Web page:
Yesterday the Seattle Times published “Adoptive parents on trial in Ethiopian girl’s death,” about the ongoing trial of Larry and Carri Williams for homicide and manslaughter of their adopted Ethiopian daughter Hana Alemu, and for first degree assault of their surviving adopted Ethiopian son Immanuel. Click here to read the article. I’m quoted, along with several others. I spoke with the reporter for nearly an hour. I appreciate that she wrote a strong article outlining main points, and that the Seattle Times put the article on the front page, above the fold.
While there has been solid local reporting by Skagit Valley Herald’s Gina Cole, and film and stories by KIRO-TV’s Lee Stoll, this is the first large newspaper coverage of the trial. It could be a sign that the trial will begin to receive more attention from bigger media outlets, though perhaps that won’t happen until the verdict is announced. That announcement is probably weeks away.
A quote from the article:
The case has highlighted the gaps in oversight of adoptions in Washington and drawn attention to the challenges that some Ethiopian adoptees and their new parents may face. Parents and leaders in Washington’s adoption system are closely following the trial, as are Seattle-area Ethiopians, who have attended proceedings every day, almost as a vigil.
The article comments on the role of Washington State laws and policies regarding oversight of adoptions, and the concerns of many in the adoption community about how to prevent a tragedy like this from ever occurring again. I’ve written here about how the adoption community failed Hana. I’ve written here regarding questions for adoption agency practices.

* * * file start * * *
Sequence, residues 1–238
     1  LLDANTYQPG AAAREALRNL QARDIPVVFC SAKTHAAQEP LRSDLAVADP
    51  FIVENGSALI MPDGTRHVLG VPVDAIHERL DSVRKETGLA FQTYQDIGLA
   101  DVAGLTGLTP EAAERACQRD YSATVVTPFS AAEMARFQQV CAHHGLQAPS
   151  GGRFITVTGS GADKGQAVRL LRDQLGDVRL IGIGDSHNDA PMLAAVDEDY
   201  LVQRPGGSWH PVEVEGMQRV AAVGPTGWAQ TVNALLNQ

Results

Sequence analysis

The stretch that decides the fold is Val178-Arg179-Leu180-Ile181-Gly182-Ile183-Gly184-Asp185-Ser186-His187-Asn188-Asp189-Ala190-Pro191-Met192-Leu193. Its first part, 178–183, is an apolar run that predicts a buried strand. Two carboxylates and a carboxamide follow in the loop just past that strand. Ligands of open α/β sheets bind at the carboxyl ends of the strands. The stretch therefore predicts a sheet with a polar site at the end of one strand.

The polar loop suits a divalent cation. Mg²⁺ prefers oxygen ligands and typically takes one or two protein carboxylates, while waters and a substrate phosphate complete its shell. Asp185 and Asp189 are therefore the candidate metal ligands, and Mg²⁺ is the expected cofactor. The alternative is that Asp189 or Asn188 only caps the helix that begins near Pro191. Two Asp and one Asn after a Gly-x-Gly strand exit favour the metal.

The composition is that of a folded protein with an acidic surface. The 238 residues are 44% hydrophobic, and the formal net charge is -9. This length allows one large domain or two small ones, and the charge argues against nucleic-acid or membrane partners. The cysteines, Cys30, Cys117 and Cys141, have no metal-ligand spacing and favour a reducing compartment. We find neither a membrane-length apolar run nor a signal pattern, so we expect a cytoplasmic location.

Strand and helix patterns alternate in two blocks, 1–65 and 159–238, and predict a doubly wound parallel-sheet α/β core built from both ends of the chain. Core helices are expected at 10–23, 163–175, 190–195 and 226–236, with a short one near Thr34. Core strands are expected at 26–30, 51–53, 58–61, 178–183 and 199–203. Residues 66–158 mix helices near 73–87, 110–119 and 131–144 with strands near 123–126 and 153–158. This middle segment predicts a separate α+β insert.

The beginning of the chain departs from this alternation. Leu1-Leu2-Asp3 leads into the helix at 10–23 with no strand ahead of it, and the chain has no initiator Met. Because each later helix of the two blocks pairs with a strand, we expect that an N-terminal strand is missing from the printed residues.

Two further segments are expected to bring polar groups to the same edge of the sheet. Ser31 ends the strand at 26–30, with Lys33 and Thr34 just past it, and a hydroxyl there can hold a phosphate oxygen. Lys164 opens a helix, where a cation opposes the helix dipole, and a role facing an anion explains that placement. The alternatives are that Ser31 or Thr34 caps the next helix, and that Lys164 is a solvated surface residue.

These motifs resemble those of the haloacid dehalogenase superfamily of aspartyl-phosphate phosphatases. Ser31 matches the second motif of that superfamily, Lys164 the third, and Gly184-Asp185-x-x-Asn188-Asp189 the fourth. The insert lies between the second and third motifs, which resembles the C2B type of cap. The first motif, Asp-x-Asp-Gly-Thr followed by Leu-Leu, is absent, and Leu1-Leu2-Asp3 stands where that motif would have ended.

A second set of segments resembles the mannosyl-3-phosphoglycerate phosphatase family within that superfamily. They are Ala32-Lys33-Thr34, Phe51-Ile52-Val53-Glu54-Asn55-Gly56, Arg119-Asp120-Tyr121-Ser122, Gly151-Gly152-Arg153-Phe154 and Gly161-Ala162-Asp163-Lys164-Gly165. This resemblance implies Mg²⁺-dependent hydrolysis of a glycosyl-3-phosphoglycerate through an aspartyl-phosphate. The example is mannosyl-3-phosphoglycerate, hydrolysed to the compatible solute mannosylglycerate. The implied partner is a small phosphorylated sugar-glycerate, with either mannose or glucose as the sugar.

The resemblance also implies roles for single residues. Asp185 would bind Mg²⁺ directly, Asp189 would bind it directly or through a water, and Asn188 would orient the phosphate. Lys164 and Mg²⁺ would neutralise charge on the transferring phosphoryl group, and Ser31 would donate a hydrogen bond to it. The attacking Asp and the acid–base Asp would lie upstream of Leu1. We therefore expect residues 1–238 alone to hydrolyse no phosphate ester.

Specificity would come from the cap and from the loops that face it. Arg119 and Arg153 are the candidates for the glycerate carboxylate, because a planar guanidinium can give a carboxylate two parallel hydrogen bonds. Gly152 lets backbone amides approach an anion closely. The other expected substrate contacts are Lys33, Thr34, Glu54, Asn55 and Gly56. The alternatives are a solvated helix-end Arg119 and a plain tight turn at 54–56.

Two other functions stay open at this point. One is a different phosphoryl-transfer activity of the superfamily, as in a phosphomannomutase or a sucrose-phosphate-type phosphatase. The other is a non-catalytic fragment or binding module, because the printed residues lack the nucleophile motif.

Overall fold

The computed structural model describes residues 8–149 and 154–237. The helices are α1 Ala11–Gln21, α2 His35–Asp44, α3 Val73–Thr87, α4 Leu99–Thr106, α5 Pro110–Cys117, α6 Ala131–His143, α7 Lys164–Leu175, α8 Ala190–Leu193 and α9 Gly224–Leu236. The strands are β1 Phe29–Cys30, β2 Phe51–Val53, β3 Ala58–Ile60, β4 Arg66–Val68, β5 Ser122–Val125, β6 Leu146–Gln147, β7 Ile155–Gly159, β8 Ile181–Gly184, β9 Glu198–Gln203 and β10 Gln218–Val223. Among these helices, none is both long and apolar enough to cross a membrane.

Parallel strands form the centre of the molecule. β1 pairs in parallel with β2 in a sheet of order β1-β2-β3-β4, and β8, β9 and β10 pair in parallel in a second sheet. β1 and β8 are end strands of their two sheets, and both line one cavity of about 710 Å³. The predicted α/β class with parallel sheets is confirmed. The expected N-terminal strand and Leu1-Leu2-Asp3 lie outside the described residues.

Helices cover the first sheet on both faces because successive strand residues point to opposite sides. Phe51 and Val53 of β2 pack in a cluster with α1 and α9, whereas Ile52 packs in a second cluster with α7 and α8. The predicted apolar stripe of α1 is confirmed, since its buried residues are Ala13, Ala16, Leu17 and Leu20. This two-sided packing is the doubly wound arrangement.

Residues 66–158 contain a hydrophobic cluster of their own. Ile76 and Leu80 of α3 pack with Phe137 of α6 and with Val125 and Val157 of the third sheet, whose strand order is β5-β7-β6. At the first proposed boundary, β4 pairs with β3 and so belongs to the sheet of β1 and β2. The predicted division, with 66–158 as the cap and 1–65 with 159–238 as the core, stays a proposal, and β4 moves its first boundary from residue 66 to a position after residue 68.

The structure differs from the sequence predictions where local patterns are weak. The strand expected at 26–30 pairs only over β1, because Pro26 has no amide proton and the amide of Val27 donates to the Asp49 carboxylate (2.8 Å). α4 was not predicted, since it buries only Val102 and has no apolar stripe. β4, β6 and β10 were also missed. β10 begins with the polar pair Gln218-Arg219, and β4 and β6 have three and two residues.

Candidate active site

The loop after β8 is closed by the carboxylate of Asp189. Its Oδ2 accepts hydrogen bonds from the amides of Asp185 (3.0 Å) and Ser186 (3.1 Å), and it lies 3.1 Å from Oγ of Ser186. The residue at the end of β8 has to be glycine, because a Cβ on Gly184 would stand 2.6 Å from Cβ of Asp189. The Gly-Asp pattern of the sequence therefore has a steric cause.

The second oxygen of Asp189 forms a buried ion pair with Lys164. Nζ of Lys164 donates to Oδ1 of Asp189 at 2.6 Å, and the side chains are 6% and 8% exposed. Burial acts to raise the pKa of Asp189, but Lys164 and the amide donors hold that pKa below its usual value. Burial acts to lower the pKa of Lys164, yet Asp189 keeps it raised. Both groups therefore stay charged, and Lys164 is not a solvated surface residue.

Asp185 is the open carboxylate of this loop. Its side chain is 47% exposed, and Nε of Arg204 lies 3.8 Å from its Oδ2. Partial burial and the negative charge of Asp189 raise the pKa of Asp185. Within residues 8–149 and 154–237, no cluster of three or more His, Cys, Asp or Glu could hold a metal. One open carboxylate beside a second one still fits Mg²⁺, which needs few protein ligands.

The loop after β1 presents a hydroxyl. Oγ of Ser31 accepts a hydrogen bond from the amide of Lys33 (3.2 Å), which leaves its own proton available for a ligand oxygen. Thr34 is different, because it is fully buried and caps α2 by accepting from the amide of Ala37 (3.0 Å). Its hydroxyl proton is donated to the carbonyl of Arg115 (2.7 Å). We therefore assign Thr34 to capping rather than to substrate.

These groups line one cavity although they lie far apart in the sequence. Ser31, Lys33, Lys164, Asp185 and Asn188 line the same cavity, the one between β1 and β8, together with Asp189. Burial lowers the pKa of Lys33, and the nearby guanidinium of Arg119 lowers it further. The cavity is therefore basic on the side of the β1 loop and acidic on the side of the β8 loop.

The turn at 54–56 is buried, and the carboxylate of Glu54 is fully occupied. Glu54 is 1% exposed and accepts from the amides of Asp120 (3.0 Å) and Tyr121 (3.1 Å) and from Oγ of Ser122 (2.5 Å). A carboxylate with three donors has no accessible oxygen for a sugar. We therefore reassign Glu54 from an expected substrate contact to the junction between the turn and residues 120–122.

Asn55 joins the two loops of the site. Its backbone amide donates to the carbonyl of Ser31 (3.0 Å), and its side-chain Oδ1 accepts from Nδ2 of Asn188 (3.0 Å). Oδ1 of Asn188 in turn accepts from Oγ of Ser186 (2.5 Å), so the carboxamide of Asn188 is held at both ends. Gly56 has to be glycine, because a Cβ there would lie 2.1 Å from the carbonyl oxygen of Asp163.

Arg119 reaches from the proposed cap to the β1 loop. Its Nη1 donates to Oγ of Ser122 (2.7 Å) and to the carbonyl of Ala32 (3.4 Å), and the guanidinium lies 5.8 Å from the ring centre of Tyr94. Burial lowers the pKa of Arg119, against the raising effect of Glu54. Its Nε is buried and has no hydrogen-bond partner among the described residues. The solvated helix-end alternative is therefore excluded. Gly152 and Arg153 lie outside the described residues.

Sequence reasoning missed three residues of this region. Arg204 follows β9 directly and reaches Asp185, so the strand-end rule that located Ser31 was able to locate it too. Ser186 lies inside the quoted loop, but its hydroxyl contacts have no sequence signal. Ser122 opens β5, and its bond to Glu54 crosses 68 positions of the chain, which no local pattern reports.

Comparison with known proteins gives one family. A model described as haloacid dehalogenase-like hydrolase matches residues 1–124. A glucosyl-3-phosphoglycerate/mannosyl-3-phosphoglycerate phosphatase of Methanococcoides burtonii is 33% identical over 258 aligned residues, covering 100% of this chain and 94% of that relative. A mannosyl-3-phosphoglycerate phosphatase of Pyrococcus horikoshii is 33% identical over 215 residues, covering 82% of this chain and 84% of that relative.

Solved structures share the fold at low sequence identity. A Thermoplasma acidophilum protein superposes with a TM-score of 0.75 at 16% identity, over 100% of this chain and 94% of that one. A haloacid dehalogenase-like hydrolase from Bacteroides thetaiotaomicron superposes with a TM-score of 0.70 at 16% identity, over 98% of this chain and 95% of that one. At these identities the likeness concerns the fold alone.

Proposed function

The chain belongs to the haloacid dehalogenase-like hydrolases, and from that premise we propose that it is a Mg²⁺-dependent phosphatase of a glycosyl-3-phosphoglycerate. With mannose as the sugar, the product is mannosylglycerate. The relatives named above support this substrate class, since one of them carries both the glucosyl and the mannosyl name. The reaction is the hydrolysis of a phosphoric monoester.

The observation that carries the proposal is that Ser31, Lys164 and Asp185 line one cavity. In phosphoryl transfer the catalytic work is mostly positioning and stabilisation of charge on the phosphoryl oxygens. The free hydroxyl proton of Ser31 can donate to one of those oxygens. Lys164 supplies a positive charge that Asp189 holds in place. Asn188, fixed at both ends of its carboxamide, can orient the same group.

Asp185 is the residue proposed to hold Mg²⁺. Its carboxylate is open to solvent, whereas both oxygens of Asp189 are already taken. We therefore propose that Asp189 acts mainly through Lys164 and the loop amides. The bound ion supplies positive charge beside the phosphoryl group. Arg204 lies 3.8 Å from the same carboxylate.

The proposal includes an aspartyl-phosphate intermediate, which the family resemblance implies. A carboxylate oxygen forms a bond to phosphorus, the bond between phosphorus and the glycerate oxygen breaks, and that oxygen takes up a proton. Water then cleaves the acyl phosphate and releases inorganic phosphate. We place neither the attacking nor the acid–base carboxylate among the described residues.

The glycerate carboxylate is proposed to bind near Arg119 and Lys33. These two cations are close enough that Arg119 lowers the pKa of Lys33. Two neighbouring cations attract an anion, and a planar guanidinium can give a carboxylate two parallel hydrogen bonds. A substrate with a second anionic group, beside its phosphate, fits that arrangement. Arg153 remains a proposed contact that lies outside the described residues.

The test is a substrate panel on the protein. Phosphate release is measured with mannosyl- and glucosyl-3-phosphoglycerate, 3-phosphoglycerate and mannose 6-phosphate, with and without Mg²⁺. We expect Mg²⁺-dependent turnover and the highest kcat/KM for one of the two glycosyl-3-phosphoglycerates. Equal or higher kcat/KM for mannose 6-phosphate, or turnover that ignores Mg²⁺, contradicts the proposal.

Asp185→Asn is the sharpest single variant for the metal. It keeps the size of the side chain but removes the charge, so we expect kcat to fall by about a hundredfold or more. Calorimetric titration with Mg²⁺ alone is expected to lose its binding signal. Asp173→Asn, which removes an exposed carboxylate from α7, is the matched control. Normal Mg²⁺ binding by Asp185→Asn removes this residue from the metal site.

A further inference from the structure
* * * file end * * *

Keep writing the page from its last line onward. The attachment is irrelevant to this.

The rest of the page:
Per my quote in the Seattle Times article, I believe preparation for adoptive parents needs to improve, so that they can best meet the needs of the children, who may have minimal or highly significant challenges. (At the least, adopted children have experienced the basic loss of their first family; some experience many more losses.) We need to make sure that anyone considering adoption is extremely well-screened, especially in terms of why they are adopting, and in terms of disciplinary techniques. I also believe we need to advocate for meaningful post-adoption services, and to affirm (not stigmatize) parents who seek out these services for their children. We also need to listen better to the insights of adult adoptees, whose perspectives are invaluable in adoption policy.
When this trial ends, whatever the outcome, that’s not the end at all for the legacy we can create for Hana. The small one is a decent grave marker for Hana at the Sedro-Woolley cemetery. The bigger ones are advocacy for changes in adoption practice that are truly child-centric and adoptee-focused: changes that ensure that children are safe and families receive help and support when they are struggling. Further, I hope that awareness is raised for the plight of Ethiopian adoptees who have had some similar (though not so tragic) experiences as Hana and Immanuel, who are now young adults, and who deserve care and support as well.
Immanuel, by the way, is done testifying. He described what he went through (beatings, isolation, missing meals, witnessing Hana’s treatment and death) and endured the defense attorneys’ cross-examination and their attempts to discredit him. Larry and Carri Williams are accused of first degree assault of Immanuel, so the defense attorneys’ job was to create reasonable doubt regarding the accusations. As a result, Immanuel was treated harshly on the stand by the defense attorneys.
I give Immanuel great credit for resiliency and strength in testifying, in facing those who harmed him, in re-visiting what were extremely painful life events, and in standing his ground for his truth. He has the great support of so many people he will probably never meet, but who will keep him in their hearts always. Justice for Hana, justice for Immanuel.